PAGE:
- Title: VARIOUS: LIFE! Review of the Year 2008/YEARENDER Part 1
- Date: 17th December 2008
- Summary: LONDON, ENGLAND, UNITED KINGDOM (FILE - AUGUST) (REUTERS) VARIOUS OF THE HEART ROBOT
- Reuters ID: LVA7SIJ1O965S5EO89IIDT0A0K62
- Duration: 00:00:08
- Aspect Ratio:
- Topics: Light / Amusing / Unusual / Quirky
- Story Text: Some of the most memorable Life stories of 2008; from animals to festivals to innovations.
FESTIVALS: 2008 kicked off with several cultural celebrations with millions of people coming together to celebrate different festivals.
The most famous of them, Rio De Janeiro's Carnival, attracted hundreds of thousands of visitors with the highlight being two nights of parades by 12 samba groups, each featuring up to 6,000 dancers.
In Bolivia tens of thousands poured into the streets of Oruro in a colourful extravaganza to mark the beginning of Carnival and make their annual pilgrimage to the Shrine of the Virgin of Socavon.
More than 45,000 Bolivians perform folkloric dances in traditional and fantastic costumes in a festival that is widely recognized as the most spectacular in the country.
But at least two people were killed and 44 injured during the Black Nazarene feast on where thousands of Filipino Catholics packed the streets to join a long procession in downtown Manila. Around 100,000 followers had squeezed themselves in front of a church to get close to the wooden black Nazarene statue in the belief that touching it can cure ailments.
Daredevil tribals of India's southern Tamil Nadu have there own way of celebrating their Hindu Goddess Mariamman by observing the age-old tradition of piercing their bodies to earn spiritual merit.
In the month of Aadi (mid July to mid August) of the Tamil calendar devotees give to their deity by suspending themselves by their piercings as they are paraded through town.
In another unusual tradition, dozens of half-naked men rolled around in the snow in a ritualised brawl at a temple in northern Japan. The "Somin Sai", or naked festival, at Kokuseki-ji Temple in Iwate prefecture has a history of more than 1,000 years.
The festival itself started with some 80 men dressed only in white loin-cloths taking ritual baths and carrying painted paper lanterns through clouds of smoke and ended in a naked scrum of of the same men tumbling down snowy slopes in a fight over a "lucky sack" containing pieces of wood.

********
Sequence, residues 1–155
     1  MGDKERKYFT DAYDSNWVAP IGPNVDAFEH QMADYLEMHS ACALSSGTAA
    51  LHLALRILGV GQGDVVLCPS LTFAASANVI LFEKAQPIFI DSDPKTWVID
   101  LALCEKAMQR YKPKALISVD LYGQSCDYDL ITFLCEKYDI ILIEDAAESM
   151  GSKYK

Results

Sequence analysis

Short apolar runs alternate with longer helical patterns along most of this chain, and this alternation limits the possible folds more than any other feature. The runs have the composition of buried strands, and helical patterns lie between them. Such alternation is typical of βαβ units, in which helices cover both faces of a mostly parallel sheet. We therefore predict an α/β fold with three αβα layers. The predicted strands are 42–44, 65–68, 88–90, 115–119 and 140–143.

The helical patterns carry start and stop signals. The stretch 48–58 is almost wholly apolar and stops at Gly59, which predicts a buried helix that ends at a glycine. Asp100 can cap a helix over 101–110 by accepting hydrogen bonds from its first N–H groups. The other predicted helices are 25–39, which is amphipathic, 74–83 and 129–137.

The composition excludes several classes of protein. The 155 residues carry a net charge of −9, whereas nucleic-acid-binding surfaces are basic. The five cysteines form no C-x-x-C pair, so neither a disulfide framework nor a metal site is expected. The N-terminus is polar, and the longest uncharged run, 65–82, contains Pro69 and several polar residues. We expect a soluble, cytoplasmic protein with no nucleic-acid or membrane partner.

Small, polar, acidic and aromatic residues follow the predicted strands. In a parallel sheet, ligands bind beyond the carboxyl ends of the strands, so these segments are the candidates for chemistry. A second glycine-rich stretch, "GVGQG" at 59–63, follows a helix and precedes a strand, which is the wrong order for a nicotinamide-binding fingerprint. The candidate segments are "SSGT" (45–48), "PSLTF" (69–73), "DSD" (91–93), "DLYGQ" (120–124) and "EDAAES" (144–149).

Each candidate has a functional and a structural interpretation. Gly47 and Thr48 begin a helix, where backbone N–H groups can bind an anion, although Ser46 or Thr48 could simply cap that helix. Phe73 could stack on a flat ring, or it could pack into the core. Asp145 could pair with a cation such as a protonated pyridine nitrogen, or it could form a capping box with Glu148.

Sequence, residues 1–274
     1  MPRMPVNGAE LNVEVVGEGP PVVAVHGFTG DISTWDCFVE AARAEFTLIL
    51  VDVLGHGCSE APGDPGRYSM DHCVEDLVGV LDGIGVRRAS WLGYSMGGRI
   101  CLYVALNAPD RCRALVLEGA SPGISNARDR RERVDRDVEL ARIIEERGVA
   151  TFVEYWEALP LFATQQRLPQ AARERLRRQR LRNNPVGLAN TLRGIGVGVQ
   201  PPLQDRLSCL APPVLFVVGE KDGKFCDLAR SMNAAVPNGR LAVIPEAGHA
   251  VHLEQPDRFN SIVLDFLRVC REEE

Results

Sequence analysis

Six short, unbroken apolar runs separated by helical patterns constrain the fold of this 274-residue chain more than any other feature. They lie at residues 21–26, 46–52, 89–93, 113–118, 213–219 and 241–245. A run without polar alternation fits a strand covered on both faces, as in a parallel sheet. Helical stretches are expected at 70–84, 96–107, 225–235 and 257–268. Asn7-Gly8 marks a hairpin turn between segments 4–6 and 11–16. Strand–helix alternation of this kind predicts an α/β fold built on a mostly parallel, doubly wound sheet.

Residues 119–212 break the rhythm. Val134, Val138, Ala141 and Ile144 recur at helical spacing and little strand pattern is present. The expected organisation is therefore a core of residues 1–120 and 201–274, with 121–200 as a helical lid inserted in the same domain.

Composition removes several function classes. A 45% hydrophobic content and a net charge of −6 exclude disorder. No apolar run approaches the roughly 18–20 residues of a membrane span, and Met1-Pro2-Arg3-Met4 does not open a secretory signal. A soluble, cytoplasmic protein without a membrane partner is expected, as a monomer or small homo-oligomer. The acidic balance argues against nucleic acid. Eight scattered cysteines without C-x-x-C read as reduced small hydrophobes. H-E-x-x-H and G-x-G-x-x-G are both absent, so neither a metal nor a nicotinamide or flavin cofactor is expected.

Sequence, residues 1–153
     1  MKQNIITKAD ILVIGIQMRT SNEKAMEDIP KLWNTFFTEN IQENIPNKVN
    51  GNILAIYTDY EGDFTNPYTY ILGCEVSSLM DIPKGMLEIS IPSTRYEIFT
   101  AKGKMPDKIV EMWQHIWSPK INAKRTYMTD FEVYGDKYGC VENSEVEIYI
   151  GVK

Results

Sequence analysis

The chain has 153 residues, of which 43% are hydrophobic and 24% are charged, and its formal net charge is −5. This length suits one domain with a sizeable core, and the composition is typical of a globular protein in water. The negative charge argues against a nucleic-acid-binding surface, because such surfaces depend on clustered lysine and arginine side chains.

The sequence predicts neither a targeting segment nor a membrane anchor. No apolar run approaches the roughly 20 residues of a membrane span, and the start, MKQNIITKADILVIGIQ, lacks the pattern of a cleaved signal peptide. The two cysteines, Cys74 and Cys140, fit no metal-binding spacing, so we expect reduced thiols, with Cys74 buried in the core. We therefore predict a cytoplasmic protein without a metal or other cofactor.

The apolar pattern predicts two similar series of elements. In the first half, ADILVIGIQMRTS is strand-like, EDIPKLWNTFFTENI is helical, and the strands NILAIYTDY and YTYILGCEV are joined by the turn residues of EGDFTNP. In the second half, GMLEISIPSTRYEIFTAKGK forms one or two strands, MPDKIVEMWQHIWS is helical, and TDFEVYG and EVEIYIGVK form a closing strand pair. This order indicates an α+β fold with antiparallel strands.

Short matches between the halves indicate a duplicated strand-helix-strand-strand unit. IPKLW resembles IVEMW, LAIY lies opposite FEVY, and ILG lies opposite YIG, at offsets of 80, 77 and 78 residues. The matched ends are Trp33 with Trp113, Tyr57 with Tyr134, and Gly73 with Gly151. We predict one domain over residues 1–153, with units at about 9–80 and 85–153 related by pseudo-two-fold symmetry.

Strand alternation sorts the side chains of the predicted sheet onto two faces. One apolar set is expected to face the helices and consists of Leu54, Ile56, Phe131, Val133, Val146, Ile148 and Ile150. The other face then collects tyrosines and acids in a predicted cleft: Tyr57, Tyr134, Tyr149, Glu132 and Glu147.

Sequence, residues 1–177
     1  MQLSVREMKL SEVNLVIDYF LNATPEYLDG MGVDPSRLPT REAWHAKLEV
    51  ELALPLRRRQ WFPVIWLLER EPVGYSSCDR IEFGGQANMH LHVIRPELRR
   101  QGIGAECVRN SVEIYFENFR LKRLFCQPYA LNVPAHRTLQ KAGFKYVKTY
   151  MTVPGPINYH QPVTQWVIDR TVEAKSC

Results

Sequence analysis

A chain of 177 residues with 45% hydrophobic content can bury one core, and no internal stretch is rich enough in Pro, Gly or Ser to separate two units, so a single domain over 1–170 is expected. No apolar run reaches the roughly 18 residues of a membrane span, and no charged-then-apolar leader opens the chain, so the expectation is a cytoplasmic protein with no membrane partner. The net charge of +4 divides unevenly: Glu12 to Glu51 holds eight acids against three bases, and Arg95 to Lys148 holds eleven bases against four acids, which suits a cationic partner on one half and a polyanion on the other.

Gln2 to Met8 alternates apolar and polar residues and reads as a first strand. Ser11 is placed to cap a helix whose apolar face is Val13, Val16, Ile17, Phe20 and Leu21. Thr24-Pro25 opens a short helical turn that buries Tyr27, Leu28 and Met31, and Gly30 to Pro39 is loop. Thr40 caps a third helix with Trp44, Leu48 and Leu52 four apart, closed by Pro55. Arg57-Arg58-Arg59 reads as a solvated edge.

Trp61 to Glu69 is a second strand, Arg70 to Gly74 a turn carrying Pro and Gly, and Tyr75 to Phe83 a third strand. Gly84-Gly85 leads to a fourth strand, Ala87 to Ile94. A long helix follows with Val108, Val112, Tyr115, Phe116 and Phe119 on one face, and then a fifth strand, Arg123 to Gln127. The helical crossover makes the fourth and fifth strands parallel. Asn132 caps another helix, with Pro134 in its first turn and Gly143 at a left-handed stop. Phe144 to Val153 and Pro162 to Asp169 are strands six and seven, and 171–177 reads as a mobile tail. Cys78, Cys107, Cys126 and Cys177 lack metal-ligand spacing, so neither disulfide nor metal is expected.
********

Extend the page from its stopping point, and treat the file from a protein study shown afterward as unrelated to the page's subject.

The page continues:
Dressed more appropriately for the weather were the artists and crowds attending the Ice Festival in Geilo, Norway.
Geilo's neighbouring township of Al has had an exchange program with Soloso in Guatemala for years,. which gave them the idea of inviting the Kaqchikel group to play their marimba. One difference that made the experience unique for the performers and audience alike was that the instrument was made from ice, a material they had never seen before, let alone played upon.
And in Sydney thousands of revellers took to the streets to watch Mardi Gras, the annual gay and lesbian parade. Around 10,000 participants went on parade to celebrate the event's 30th anniversary.
The small Belgian town of Stavelot held its own very distinct Carnival in May, with hundreds of men and children dressing up in white sheets and long carrot-coloured noses to march through the city.
The costumes date back to the early 16th century, when the prince Guillaume of Mandersheid forbade religious men to mix with ordinary folk during the carnival celebrations. People ridiculed the Prince's ruling by walking through the procession wearing hooded brown robes. When the prince banned that too, the folk of Stavelot just changed the colour of the robes to white and put on grotesques masks with giant noses to hide their faces - a tradition that was revived in the 1940's in the spirit of the festival.
Also in Belgium, in the town of Jemappes, the 'Dream Smugglers' gave the 4-day carnival a more distinctive look. 'The Smugglers' invade the town on Easter Monday with an array of giant dolls, cockerels and puppets.
While in Berlin hundreds of thousands of people came out to celebrate cultural diversity at one of Germany's biggest summer carnivals. Perfect weather attracted even more people to an estimated crowd of 1.3 million revellers taking part in the the May carnival of cultures.